Milk prices are unlikely to witness spikes in the coming months due to cooler temperature in April and parts of May, which has delayed the onset of ‘lean’ season, when milk production usually drops, according to Meenesh Shah, chairman & managing director, National Dairy Development Board (NDDB).
“The end of the flush season when milk production goes up was delayed by rains and cooler climates in the last few months, thus helping dairy cooperatives to build up stocks for the lean summer months when output would drop,” Shah told FE.
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He ruled out any possibility of imports of dairy products such as ghee at present to meet domestic demands of milk and products.
“There has been an increase of 7.5% in milk procurement by cooperatives in April 2023 compared to a year ago month,” Shah said.
Retail inflation in milk was reported at 8.78% in April 2023. The milk inflation has remained elevated at over 6% since August 2022.
WPI milk inflation also remained high at 7.1% in April 2023.
Despite India being the largest milk producer since 1998, the commodity has been the second biggest factor after cereals such as rice and wheat in driving up retail inflation in the last fiscal.
Milk has the second highest weight in the food and beverages basket of the consumer price index at 6.61%, a notch lower than cereals and products that have a 9.67% weight.
Organised players, including Mother Dairy and Amul, hiked milk prices multiple times in the last one year citing higher fodder cost, robust demand and some impact due to reports of lumpy skin disease.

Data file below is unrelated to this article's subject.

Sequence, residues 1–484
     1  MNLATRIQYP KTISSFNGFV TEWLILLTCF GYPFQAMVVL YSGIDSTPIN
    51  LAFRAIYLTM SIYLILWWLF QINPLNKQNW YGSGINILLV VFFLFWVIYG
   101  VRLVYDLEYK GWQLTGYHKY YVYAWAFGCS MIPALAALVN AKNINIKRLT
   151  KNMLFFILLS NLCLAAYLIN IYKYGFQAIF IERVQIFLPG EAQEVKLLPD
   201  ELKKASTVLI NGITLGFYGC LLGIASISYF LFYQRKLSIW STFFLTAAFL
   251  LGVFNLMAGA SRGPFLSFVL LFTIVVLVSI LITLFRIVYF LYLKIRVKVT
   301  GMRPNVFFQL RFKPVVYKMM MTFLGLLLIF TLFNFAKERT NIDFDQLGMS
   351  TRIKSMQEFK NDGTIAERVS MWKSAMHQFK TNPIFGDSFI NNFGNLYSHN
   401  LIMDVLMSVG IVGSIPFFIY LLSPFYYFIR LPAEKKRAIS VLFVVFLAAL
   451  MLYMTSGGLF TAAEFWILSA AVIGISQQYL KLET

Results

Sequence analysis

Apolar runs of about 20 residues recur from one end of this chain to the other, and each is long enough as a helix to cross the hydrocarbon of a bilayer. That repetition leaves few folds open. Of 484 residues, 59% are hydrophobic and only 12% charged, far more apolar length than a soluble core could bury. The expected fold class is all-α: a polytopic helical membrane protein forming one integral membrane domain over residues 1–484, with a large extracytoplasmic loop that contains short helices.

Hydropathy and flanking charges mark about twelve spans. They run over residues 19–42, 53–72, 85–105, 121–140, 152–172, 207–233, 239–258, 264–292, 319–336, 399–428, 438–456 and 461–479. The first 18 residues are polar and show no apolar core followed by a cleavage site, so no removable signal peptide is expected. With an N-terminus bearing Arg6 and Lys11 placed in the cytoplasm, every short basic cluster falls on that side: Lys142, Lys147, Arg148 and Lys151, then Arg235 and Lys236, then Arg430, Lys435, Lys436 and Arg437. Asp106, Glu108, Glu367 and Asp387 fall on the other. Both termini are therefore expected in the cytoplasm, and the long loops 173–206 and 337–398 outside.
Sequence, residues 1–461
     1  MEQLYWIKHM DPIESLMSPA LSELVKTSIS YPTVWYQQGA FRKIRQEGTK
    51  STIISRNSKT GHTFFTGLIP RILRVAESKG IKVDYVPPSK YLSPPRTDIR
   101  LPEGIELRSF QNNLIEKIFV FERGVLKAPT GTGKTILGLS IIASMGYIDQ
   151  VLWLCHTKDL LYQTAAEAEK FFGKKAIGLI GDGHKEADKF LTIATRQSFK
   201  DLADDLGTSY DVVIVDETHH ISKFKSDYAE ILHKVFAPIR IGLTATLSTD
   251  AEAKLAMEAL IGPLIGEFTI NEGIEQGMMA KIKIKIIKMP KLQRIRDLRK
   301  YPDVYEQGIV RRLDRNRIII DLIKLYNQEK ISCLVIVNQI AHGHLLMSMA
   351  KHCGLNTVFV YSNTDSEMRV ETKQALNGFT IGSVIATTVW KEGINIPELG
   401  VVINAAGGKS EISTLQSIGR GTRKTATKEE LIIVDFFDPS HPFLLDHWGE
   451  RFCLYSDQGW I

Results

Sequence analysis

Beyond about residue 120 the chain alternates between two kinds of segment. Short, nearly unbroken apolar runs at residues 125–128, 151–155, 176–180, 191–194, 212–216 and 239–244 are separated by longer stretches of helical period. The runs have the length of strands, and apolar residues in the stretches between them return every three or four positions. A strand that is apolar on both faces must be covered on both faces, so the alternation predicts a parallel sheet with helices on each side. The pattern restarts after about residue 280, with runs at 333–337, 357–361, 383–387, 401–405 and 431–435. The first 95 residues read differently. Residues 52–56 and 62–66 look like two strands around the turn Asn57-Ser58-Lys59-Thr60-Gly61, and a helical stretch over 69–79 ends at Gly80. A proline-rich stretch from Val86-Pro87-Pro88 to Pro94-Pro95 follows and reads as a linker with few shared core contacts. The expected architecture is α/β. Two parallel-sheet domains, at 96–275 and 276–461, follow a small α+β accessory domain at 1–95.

Industry sources said that feed cost, which has a share of more than 65% in the cost of production of milk, has increased to Rs 20/kg from Rs 8/kg a year ago.
“We do not anticipate any reduction in milk prices till November,” RS Sodhi, President, Indian Dairy Association,last month told FE. The stability in milk prices is expected only by winter months, he had earlier said.
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The finance ministry last month attributed the elevated milk inflation to a demand supply mismatch and said it could be one of the factors apart from volatile international crude oil prices and constrained supplies of milk would influence the country’s inflation trajectory.
A combination of high cost of feed and raw material, and supply challenges, lumpy skin disease (LSD) and rising dairy exports has impacted milk production and costs, leading organised players, including Mother Dairy and Amul, to hike milk prices multiple times in the last one year.
“Milk production has been impacted by a lumpy skin disease infecting millions of cattle in late 2022,” the ministry said in the monthly economic review, adding that the vaccination drive against the disease is expected to curb the spread and immune the cattle against the skin disease. “While this would increase milk supply, a general drop in inflation will moderate the fodder and transport costs, thereby lowering milk inflation,” it said.
For the first time in decades, the country’s milk production is likely to have stagnated in 2022-23 due to LSD in cattle across several states and the lagged effect of Covid-19 in the form of stunting of the animals, a senior official with department of animal husbandry and dairying last month has stated. The milk production was estimated at 221 million tonne in 2021-22.